Every day doctors write more than 650,000 opioid prescriptions, according to the Centers for Disease Control and Prevention. In some of those cases, addiction follows. As a result, deaths from prescription opioids have more than quadrupled since 1999. Travis Rieder is a bioethicist at the Johns Hopkins Berman Institute for Bioethics, and he personally experienced a dependence on opioids. He wrote about it in the January issue of the journal “Health Affairs,” and a portion of that article was excerpted in the Washington Post. Original air date: January 24, 2017.

Our criminal justice system is the largest and most expensive in the world. Critics have zeroed in on the disproportionate impact of mass incarceration on African-Americans. But many African-Americans supported the war on crime that began in the 1970s. Why? We speak to Yale law professor James Forman Jr., about his book “Locking Up Our Own: Crime and Punishment in Black America”.

LAWRENCE OP / FLICKR VIA CREATIVE COMMONS

Small-muscle athletes. In the medical field, that’s the term for musicians. Musicians are prone to a range of injuries. It’s a pitfall of the profession. But unlike their large-muscle counterparts, musicians don’t get much pro-active attention when it comes to pain. As Dr. Raymond Wittstadt, attending hand surgeon at the Curtis National Hand Center at MedStar Union Memorial Hospital puts it, “I mean even at the high school level, most sports teams will have a trainer on the sidelines. There’s nobody in the wings of the BSO saying we practiced too long today, or we repeated that passage too many times.” Wittstadt has held a monthly musicians’ clinic at the center for more than 15 years.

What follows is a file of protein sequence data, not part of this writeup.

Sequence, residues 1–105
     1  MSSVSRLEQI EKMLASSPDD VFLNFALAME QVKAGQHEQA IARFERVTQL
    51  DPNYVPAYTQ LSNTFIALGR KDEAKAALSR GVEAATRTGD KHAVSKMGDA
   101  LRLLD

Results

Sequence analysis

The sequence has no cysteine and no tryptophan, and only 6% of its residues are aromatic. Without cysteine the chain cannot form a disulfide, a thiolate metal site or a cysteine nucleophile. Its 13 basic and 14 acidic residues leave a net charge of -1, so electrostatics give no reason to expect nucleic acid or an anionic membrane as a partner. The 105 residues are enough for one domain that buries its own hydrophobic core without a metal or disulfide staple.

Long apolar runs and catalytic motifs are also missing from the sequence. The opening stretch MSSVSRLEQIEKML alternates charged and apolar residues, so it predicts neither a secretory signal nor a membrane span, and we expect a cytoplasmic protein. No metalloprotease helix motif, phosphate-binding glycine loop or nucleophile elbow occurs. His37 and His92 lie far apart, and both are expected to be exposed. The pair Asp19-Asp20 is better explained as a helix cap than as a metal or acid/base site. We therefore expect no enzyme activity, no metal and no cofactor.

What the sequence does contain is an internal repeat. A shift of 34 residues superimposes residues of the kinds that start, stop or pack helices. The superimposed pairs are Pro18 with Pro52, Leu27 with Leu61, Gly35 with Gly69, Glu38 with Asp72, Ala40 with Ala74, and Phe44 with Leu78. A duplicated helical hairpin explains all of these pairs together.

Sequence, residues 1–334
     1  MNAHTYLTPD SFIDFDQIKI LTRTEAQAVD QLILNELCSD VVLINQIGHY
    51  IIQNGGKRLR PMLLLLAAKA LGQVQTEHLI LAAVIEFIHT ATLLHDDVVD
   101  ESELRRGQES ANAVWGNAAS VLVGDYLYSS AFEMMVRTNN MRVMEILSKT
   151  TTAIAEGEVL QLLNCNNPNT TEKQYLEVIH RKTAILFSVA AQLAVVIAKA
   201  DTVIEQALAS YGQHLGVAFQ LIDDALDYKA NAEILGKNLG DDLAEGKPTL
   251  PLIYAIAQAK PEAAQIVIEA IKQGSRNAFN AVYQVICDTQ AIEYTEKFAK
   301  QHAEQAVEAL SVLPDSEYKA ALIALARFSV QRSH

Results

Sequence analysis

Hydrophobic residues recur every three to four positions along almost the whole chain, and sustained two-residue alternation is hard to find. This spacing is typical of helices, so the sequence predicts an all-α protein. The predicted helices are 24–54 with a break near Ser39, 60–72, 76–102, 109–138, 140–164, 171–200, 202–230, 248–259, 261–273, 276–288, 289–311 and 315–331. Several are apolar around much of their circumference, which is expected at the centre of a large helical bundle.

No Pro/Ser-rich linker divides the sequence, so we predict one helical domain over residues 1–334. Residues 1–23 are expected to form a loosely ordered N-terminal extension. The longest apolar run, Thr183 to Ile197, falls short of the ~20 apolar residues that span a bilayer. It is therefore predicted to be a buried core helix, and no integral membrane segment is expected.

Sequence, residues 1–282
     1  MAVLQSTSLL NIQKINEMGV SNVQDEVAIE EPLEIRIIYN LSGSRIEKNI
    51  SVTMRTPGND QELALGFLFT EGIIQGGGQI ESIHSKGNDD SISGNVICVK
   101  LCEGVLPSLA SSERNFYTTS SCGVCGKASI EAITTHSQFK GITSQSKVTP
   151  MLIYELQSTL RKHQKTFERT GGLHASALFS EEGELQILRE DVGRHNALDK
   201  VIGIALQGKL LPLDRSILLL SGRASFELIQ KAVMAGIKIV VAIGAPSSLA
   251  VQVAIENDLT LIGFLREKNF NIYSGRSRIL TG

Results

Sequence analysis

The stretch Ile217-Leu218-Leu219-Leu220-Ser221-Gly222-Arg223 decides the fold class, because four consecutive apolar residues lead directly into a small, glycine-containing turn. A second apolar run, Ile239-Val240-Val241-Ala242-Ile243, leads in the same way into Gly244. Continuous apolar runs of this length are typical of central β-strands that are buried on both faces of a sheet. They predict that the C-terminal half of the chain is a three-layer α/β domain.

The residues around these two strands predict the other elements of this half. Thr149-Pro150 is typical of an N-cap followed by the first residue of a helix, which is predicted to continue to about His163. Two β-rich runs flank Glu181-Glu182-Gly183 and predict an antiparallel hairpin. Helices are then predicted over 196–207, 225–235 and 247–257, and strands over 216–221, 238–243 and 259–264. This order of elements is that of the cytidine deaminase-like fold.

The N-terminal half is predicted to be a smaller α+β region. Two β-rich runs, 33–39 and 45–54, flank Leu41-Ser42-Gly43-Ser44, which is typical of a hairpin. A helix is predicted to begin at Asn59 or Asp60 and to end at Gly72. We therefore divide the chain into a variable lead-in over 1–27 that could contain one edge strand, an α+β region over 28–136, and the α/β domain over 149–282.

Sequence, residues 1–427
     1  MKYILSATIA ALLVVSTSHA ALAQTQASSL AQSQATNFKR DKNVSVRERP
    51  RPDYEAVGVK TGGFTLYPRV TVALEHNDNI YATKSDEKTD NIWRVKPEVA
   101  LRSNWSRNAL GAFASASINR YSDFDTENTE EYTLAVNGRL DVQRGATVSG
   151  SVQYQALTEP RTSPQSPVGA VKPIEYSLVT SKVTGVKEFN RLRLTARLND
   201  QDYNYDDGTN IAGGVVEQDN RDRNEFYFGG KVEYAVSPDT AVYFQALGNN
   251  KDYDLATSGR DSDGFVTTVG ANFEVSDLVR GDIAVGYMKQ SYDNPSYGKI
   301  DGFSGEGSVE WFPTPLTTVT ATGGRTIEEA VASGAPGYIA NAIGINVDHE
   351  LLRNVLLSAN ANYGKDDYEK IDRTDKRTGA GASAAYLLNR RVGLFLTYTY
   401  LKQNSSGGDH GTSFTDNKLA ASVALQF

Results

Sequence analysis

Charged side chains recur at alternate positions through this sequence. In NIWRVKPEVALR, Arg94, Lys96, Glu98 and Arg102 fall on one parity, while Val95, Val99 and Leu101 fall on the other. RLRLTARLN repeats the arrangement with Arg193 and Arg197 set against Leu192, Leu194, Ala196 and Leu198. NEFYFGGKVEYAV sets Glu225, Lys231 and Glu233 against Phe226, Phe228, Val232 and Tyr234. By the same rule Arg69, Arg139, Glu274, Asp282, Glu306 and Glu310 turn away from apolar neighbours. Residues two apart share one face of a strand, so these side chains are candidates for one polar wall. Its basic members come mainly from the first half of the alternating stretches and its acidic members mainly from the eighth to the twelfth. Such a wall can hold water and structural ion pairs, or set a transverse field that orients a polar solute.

Roaches, rats, bed-bugs, and other people-loving pests have been with us for centuries. And despite our best efforts, they persist. That’s particularly true in cities, especially in neighborhoods with a history of disinvestment. Pests are living symbols of our long battle with inequality. We hear from UMBC professor Dawn Biehler, author of "Pests in the City: Flies, Bedbugs, Cockroaches, and Rats".